Open-Path Spectroscopy Overview

Submitted by SonomaTechEditor on

Open-path spectroscopy has been gaining popularity since it was first deployed in the 1980s, but these analyzers come with a unique set of challenges. We touched briefly on the key factors and considerations of this technology in our Fenceline Monitoring Overview article, but dive deeper into what is necessary for successful fenceline monitoring for industrial facilities in this discussion.

What is Spectroscopy?

Spectroscopy is an area of scientific study that began in the 17th century with Isaac Newton’s early experiments. In broad terms, it is the measurement of spectra that is produced when light interacts with matter. Modern-day instruments employ this idea when they examine the unique “fingerprint” wavelengths of light that are absorbed by molecules in the air. Absorption by compounds in the sample path are then used to determine (1) what compounds of interest are present and (2) their respective concentrations according to Beer's Law.

Spectroscopic instruments have historically used enclosed sample cells and extractive sampling, meaning they remove a sample from a source for analysis. In the 1980s, open-path analyzers extended these measurements to long pathways open to the environment, allowing for real-time sampling of air quality around industrial facilities.

Open-Path Spectroscopic Instruments

A variety of spectroscopic instruments are used for open-path monitoring. They all emit light from a source and send it to a receiver at the end of a pathway, known as a bistatic configuration, or to a mirror that reflects it back to a receiver collocated with the source, known as a monostatic configuration. Compounds present in the path absorb light at specific wavelengths depending on their composition, which results in changes between the light that is emitted and the light that is detected by the receiver. Absorbance measured at various wavelengths results in a spectrum with unique contributions, or “fingerprints,” from each compound present in the beam. In this configuration, the sample pathway is the entire column of air between the instrument and the receiver or mirror, enabling facilities to cover their perimeters completely if they wish.

Open-path analyzers differ primarily in the light source that is used, which determines the wavelengths for analyses and therefore the compounds that can be measured. The following are three common examples of open-path analyzers.

  • Ultraviolet Differential Optical Absorption Spectroscopy (UV-DOAS) – UV-DOAS analyzers contain an ultraviolet (UV) light source, either a xenon or deuterium lamp. Compounds measured with this instrument include benzene, toluene, ethylbenzene, and xylenes (BTEX), sulfur dioxide, and other air toxics. This technique allows for simultaneous measurement of multiple compounds in real time at a time resolution as fast as once every 30 seconds.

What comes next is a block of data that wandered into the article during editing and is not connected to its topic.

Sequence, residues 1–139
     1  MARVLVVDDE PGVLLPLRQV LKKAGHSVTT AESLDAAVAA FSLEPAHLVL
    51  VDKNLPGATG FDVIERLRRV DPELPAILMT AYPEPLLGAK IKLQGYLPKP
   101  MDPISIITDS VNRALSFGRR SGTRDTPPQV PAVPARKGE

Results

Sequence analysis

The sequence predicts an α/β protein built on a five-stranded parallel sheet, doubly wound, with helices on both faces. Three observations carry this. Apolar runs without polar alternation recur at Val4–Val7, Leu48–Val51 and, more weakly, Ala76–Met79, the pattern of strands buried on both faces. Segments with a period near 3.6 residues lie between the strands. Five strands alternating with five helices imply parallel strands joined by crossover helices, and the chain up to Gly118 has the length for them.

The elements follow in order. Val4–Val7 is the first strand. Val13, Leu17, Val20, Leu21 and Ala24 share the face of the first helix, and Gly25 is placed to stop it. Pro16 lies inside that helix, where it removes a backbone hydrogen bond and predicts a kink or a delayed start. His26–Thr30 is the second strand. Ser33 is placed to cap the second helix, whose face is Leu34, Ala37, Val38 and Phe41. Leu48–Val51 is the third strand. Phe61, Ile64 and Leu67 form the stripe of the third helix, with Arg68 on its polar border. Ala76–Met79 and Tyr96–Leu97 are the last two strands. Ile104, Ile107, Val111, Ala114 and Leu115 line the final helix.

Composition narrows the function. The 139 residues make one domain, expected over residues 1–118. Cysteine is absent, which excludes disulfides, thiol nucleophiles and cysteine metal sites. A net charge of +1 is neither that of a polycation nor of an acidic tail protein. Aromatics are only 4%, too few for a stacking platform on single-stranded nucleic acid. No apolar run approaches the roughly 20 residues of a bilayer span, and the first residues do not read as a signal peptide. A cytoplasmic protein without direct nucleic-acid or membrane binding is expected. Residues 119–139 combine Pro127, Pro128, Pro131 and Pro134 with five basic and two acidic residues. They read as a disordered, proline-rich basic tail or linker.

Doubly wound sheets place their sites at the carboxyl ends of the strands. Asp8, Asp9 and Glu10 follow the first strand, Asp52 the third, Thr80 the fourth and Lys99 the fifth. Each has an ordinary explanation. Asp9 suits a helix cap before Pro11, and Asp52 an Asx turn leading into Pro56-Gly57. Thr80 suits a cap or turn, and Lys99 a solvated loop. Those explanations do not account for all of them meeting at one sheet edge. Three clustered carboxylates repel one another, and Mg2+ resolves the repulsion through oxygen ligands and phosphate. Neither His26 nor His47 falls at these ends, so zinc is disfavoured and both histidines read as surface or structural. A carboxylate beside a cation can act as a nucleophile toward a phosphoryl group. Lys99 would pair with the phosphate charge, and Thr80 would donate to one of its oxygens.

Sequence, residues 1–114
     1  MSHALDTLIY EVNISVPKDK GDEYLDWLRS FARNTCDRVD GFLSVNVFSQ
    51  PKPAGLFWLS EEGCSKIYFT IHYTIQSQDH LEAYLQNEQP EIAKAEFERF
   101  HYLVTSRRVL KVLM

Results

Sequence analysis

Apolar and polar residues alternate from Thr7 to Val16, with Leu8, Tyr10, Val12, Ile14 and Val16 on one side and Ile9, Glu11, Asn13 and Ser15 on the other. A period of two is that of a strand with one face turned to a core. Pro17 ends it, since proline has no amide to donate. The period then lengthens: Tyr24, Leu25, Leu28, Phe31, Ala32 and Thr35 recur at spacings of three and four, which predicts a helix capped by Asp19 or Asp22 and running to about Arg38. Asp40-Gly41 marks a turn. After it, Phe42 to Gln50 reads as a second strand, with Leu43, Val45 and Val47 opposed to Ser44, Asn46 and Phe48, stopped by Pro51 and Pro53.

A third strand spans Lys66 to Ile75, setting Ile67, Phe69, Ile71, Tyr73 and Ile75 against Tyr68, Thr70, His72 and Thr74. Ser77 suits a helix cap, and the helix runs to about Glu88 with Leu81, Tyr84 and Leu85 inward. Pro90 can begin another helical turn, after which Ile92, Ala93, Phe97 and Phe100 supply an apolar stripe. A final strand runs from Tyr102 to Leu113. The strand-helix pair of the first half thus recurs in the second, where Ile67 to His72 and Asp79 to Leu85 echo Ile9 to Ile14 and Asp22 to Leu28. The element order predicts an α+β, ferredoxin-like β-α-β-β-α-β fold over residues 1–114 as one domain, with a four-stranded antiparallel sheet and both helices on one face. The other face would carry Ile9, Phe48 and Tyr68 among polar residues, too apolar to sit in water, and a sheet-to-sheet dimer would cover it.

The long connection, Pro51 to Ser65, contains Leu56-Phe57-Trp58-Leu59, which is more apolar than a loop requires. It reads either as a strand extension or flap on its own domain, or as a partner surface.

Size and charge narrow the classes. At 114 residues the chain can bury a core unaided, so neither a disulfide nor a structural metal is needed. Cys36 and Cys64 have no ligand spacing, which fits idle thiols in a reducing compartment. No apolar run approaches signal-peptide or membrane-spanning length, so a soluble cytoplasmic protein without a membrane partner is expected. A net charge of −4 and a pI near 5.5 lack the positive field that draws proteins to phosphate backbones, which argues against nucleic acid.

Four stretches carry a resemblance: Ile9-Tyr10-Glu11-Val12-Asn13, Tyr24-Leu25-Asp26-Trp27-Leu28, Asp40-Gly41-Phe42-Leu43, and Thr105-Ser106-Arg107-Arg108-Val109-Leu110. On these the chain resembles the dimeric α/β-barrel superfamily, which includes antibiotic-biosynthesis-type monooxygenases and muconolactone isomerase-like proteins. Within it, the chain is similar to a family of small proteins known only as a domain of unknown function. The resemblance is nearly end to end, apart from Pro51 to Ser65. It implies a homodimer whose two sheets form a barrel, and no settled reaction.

• Fourier Transform Infrared (FTIR) – FTIR analyzers contain an infrared (IR) laser. Similar to UV-DOAS analyzers, this can be used to measure multiple compounds simultaneously in real time at a time resolution of approximately once every two to three minutes. Compounds measured with this instrument include alkanes, aldehydes, ammonia, hydrogen cyanide (HCN), methane, and other volatile organic compounds (VOCs).

  • Tunable Diode Laser Absorption Spectroscopy (TDLAS) – TDLAS uses a diode laser that emits a narrow wavelength of light tuned to a specified range of interest. This technique is typically used to measure a single compound, including hydrogen sulfide (H2S), hydrogen cyanide (HCN), and other industrial compounds of interest.

Minimum Detection Limits (MDLs)

One of the biggest challenges for open-path spectroscopy is the ability to measure compounds of interest at sufficient detection limits, including relevant health thresholds. To address this, the U.S. Environmental Protection Agency (EPA) released a standardized procedure for processing spectra obtained with an FTIR analyzer titled Compendium of Methods for the Determination of Toxic Organic Compounds in Ambient Air, or TO-16. The draft was released in 1992 and was followed by a final edition in January 1999 that is still in use today.

TO-16 is one of several methods for determining MDLs, but its historic application in laboratory environments does not represent actual performance in the field. Real-world MDLs are dependent on operating conditions and interference from other similarly absorbing compounds. An example of this is the known interference from water and carbon dioxide (CO2) in the infrared region, which may impact compounds analyzed with FTIR and TDLAS. MDLs are a primary consideration for the type of open-path analyzer that is selected for different compounds of interest.

Final Thoughts

Open-path spectroscopy continues to evolve with additional use, particularly in industrial settings. While this technology is a powerful tool for industrial monitoring, it also requires careful consideration of key factors.

For a more in-depth look at this topic, you can read a peer-reviewed article written by Sonoma Technology scientists titled Real-World Application of Open-Path UV-DOAS, TDL, and FT-IR Spectroscopy for Air Quality Monitoring at Industrial Facilities, published in Spectroscopy.


Open-Path Spectroscopy Overview

Clinton P. MacDonald

Submitted by rspencerdev on
Clinton P. MacDonald
President / Chief Scientist